Optimism about future job prospects is on the rise among young adult workers, according to findings from a survey released today by the Federal Reserve. Sixty-one percent of workers between ages 18 and 30 said they were optimistic about future opportunities, up from 45 percent from the previous survey in 2013.
The survey noted a correlation between educational attainment and young workers’ attitudes toward their job prospects; optimism increased with higher levels of education. More young adults also said they saw value in higher education than in the previous survey — 54 percent said that the financial benefits of their postsecondary education outweighed the costs, compared to 43 percent in 2013. When it came to financing postsecondary education, more than half of respondents said they had received some financial help from parents, and 46 percent said they had incurred debt to pay for their education.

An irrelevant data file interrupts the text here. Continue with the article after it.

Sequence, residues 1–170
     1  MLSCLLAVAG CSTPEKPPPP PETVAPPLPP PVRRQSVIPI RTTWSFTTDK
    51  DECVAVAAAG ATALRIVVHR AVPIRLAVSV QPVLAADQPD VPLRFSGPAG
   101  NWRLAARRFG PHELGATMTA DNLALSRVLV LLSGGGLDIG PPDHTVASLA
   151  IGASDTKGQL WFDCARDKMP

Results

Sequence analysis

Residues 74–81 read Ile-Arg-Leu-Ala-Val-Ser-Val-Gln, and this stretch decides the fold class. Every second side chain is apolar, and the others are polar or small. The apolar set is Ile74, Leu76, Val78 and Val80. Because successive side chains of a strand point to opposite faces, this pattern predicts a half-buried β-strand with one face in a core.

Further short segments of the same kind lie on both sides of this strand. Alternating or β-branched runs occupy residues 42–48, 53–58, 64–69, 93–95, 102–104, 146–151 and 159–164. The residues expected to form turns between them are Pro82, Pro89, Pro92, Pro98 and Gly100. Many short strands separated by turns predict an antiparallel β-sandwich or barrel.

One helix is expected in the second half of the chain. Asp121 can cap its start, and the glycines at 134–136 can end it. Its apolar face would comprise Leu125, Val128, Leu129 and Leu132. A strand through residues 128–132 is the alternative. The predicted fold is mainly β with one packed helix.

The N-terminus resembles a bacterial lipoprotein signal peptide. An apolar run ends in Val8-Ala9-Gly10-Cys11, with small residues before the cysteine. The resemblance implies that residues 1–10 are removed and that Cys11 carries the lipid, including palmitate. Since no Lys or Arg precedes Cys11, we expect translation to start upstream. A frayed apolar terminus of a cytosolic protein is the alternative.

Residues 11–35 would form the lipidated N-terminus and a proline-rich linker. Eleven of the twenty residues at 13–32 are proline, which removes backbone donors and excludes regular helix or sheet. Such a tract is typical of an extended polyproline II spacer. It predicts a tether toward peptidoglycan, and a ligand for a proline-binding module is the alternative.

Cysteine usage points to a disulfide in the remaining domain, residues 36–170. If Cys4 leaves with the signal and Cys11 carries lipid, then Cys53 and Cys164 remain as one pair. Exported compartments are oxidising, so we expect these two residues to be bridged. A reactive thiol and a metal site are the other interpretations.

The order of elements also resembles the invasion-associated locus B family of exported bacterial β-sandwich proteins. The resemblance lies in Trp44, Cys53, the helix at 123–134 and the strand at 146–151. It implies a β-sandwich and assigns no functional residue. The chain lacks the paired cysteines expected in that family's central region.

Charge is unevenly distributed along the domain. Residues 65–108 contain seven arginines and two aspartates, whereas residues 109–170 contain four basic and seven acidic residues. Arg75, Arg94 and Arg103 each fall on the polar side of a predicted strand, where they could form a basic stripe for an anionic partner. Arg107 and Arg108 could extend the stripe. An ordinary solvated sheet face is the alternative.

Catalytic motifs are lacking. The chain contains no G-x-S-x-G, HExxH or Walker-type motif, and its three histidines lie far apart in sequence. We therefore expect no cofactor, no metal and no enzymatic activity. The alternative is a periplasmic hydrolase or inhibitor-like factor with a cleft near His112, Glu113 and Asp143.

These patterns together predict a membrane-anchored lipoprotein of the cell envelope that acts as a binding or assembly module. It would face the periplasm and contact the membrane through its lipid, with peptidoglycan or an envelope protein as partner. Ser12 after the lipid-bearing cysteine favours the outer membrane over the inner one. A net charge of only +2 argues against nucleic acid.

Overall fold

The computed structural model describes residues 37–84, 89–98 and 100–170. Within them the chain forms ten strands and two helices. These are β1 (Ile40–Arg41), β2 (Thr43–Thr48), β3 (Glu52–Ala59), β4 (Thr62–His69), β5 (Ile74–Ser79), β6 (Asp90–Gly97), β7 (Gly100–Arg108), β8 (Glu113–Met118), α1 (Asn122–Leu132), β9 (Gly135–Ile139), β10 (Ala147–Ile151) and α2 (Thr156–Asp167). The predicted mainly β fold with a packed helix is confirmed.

Along with increased optimism, young workers also reported being more satisfied with their salary and benefits than in 2013, and overall, respondents said they prefer steady employment (62 percent) to higher pay (36 percent). Self-sufficiency also improved since 2013, with more than seven out of 10 reporting they make enough money to meet their monthly expenses.
In addition, more workers felt they would be able to survive a financial shock — 40 percent said they would be able to meet their monthly living expenses if out of work for the next three months, up from just 24 percent in 2013. Many also reported receiving external financial support from family members to help with bills, health care expenses, educational costs and child care costs.